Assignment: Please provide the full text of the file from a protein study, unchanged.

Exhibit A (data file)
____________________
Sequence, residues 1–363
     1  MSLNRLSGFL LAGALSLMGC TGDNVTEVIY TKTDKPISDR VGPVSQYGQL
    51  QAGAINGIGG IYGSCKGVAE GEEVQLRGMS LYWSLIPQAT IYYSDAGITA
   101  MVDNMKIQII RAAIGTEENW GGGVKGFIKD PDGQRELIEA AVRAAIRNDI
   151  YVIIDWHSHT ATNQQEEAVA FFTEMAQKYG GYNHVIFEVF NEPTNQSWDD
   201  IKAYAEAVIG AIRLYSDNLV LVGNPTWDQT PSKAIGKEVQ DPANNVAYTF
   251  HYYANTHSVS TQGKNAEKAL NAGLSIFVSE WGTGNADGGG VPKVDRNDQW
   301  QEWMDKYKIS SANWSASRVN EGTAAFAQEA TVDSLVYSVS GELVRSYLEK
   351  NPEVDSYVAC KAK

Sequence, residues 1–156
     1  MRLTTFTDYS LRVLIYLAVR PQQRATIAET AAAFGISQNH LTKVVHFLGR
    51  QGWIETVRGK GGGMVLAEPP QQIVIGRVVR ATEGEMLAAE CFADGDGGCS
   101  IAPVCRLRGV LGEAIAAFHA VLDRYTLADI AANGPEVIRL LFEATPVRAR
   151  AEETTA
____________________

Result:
Sequence, residues 1–363
     1  MSLNRLSGFL LAGALSLMGC TGDNVTEVIY TKTDKPISDR VGPVSQYGQL
    51  QAGAINGIGG IYGSCKGVAE GEEVQLRGMS LYWSLIPQAT IYYSDAGITA
   101  MVDNMKIQII RAAIGTEENW GGGVKGFIKD PDGQRELIEA AVRAAIRNDI
   151  YVIIDWHSHT ATNQQEEAVA FFTEMAQKYG GYNHVIFEVF NEPTNQSWDD
   201  IKAYAEAVIG AIRLYSDNLV LVGNPTWDQT PSKAIGKEVQ DPANNVAYTF
   251  HYYANTHSVS TQGKNAEKAL NAGLSIFVSE WGTGNADGGG VPKVDRNDQW
   301  QEWMDKYKIS SANWSASRVN EGTAAFAQEA TVDSLVYSVS GELVRSYLEK
   351  NPEVDSYVAC KAK

Sequence, residues 1–156
     1  MRLTTFTDYS LRVLIYLAVR PQQRATIAET AAAFGISQNH LTKVVHFLGR
    51  QGWIETVRGK GGGMVLAEPP QQIVIGRVVR ATEGEMLAAE CFADGDGGCS
   101  IAPVCRLRGV LGEAIAAFHA VLDRYTLADI AANGPEVIRL LFEATPVRAR
   151  AEETTA